Ahead of annual marches by gays and lesbians in many Indian cities on Sunday, there is good news for them — having sex may no longer be a crime.
Signalling a major shift in its once-unyielding stand, the government has for the first time indicated it is willing to review a controversial 150- year-old law that makes homosexuality a criminal offence.
A meeting between the Home, Health and Law ministers is likely to be convened soon to discuss the issue of either completely repealing or amending section 377 of the Indian Penal Code (IPC), which provides for 10 years imprisonment for “unnatural sex”. That includes homosexuality.
“The issue was being discussed in Ministry of Home Affairs and Health Ministry and it will come before the Law Ministry also,” said union Law Minister M. Veerappa Moily. “The Home minister will convene a meeting of the three ministers soon.”
Earlier this month, Moily said “some sections of the IPC are outdated and may require a fresh look.”
Home Minister P. Chidambaram will chair the meeting, which is likely to evolve a fresh stand acceptable to all three ministries.
The flexibility in the government stand follows the change of guard in all the three key ministries.
While Chidambaram and Moily are understood to be in favour of a fresh look on the issue, Health Minister Ghulam Nabi Azad hasn’t yet revealed what he thinks.
Previous Home and Law ministers Shivraj Patil and H. R. Bhardwaj strongly opposed any change in the controversial IPC section.
“The purpose of section 377 IPC was to provide a healthy environment in the society by criminalising unnatural sexual activities against the order of nature. The Health ministry is welcome to take all steps for ensuring better health of the people, but no tampering with well laid down legal procedure can be allowed without a firm reasoning,” Bhardwaj had told HT in October last year.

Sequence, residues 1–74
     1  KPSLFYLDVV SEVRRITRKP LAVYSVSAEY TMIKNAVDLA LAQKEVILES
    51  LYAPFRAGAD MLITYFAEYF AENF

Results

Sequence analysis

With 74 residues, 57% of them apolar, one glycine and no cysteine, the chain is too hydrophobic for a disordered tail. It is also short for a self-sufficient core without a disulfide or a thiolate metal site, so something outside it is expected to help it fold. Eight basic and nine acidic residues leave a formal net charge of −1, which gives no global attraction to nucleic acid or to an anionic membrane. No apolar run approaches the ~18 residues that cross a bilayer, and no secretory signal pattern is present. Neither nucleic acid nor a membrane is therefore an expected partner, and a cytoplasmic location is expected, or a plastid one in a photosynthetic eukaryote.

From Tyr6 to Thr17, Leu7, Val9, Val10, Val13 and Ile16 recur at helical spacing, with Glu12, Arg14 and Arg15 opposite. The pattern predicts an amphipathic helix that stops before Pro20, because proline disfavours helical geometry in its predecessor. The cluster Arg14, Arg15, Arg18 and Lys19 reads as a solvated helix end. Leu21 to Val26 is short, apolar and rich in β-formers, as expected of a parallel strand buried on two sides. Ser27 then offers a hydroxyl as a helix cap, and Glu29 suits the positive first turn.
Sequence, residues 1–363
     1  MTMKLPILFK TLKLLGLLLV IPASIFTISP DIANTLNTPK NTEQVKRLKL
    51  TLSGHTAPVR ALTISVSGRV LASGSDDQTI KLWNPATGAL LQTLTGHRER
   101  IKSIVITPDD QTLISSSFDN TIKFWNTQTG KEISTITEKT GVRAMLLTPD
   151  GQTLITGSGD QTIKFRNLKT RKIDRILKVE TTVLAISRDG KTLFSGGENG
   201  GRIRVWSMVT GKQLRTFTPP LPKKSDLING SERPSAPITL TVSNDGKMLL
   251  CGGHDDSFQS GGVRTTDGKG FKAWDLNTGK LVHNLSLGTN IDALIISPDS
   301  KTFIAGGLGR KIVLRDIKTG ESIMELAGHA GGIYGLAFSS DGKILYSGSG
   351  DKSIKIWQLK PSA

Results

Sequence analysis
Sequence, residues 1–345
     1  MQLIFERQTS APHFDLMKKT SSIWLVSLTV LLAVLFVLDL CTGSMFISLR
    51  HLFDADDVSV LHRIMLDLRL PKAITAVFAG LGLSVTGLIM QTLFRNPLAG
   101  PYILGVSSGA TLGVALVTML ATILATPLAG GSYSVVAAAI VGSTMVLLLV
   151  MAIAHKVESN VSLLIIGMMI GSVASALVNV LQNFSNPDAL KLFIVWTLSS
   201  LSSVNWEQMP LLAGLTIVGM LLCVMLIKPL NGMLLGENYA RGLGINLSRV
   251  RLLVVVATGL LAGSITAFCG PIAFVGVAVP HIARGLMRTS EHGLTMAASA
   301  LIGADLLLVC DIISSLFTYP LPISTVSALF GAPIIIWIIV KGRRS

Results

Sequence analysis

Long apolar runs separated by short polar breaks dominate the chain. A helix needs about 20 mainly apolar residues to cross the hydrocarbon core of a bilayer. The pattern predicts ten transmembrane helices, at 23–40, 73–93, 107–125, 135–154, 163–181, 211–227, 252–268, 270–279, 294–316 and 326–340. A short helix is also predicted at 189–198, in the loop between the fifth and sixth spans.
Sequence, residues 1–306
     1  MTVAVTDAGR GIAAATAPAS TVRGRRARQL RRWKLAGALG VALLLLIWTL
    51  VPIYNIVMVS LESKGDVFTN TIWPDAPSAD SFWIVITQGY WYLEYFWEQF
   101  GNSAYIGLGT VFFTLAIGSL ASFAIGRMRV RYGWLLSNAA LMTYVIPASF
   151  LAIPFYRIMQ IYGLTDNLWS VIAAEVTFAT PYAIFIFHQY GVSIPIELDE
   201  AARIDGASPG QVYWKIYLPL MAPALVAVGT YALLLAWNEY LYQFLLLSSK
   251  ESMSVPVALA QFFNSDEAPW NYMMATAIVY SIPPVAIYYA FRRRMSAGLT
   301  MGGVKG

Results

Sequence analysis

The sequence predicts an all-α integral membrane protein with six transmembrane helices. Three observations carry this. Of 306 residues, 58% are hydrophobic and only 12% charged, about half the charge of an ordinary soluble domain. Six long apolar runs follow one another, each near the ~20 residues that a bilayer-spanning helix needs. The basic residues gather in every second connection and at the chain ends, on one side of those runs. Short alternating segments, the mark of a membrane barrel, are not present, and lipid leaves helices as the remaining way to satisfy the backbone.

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This was why the UPA government in its first term refused a proposal from former Health Minister Dr Anbumani Ramadoss to make gay sex legal.
The Health ministry had argued that the provisions of the existing law “push HIV people underground, which makes such risky sexual practices go unnoticed”.
The Home and Health ministries had taken opposite stands last year, in their replies to the Delhi high court, on a petition filed by an NGO called the Naaz Foundation.
The Home ministry had strongly opposed any change in the IPC, while the Health ministry was in favour of scrapping the controversial section.
The scales were finally tilted in favour of the Home ministry when the law ministry supported its stand and made it clear that the government was not in favour of any change in the existing law.
The arguments in the Delhi high court are complete and the verdict is expected soon.